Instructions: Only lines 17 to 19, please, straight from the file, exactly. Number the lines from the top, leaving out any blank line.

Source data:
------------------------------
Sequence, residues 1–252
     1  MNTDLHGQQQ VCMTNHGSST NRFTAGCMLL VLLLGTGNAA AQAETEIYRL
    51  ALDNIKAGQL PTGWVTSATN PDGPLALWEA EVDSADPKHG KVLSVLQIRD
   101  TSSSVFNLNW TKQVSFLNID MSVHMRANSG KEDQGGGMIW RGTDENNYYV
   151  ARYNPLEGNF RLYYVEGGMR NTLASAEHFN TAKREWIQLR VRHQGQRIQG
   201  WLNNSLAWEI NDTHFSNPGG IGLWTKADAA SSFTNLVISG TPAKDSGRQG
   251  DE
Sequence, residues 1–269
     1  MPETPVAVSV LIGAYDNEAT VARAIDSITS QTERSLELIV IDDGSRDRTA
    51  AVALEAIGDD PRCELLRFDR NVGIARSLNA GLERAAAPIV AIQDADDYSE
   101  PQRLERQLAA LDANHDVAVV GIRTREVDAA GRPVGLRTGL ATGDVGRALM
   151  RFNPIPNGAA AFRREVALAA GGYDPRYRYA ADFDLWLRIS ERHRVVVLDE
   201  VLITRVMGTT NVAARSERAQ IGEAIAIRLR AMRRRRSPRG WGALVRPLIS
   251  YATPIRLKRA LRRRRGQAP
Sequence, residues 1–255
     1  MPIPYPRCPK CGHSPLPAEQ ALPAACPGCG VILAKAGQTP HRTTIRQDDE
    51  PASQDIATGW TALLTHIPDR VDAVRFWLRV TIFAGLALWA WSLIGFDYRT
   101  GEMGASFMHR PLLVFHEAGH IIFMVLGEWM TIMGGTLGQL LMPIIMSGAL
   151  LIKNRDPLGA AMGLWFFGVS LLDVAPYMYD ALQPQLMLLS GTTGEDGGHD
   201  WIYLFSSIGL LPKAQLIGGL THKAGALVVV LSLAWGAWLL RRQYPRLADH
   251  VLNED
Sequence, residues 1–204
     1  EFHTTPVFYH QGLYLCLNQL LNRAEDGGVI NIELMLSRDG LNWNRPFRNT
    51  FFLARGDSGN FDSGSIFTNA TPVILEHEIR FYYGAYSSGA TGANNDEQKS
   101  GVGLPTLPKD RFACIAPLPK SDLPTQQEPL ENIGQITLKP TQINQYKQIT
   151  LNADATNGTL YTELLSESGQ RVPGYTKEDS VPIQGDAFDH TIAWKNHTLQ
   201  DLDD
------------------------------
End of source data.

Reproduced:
    51  PASQDIATGW TALLTHIPDR VDAVRFWLRV TIFAGLALWA WSLIGFDYRT
   101  GEMGASFMHR PLLVFHEAGH IIFMVLGEWM TIMGGTLGQL LMPIIMSGAL
   151  LIKNRDPLGA AMGLWFFGVS LLDVAPYMYD ALQPQLMLLS GTTGEDGGHD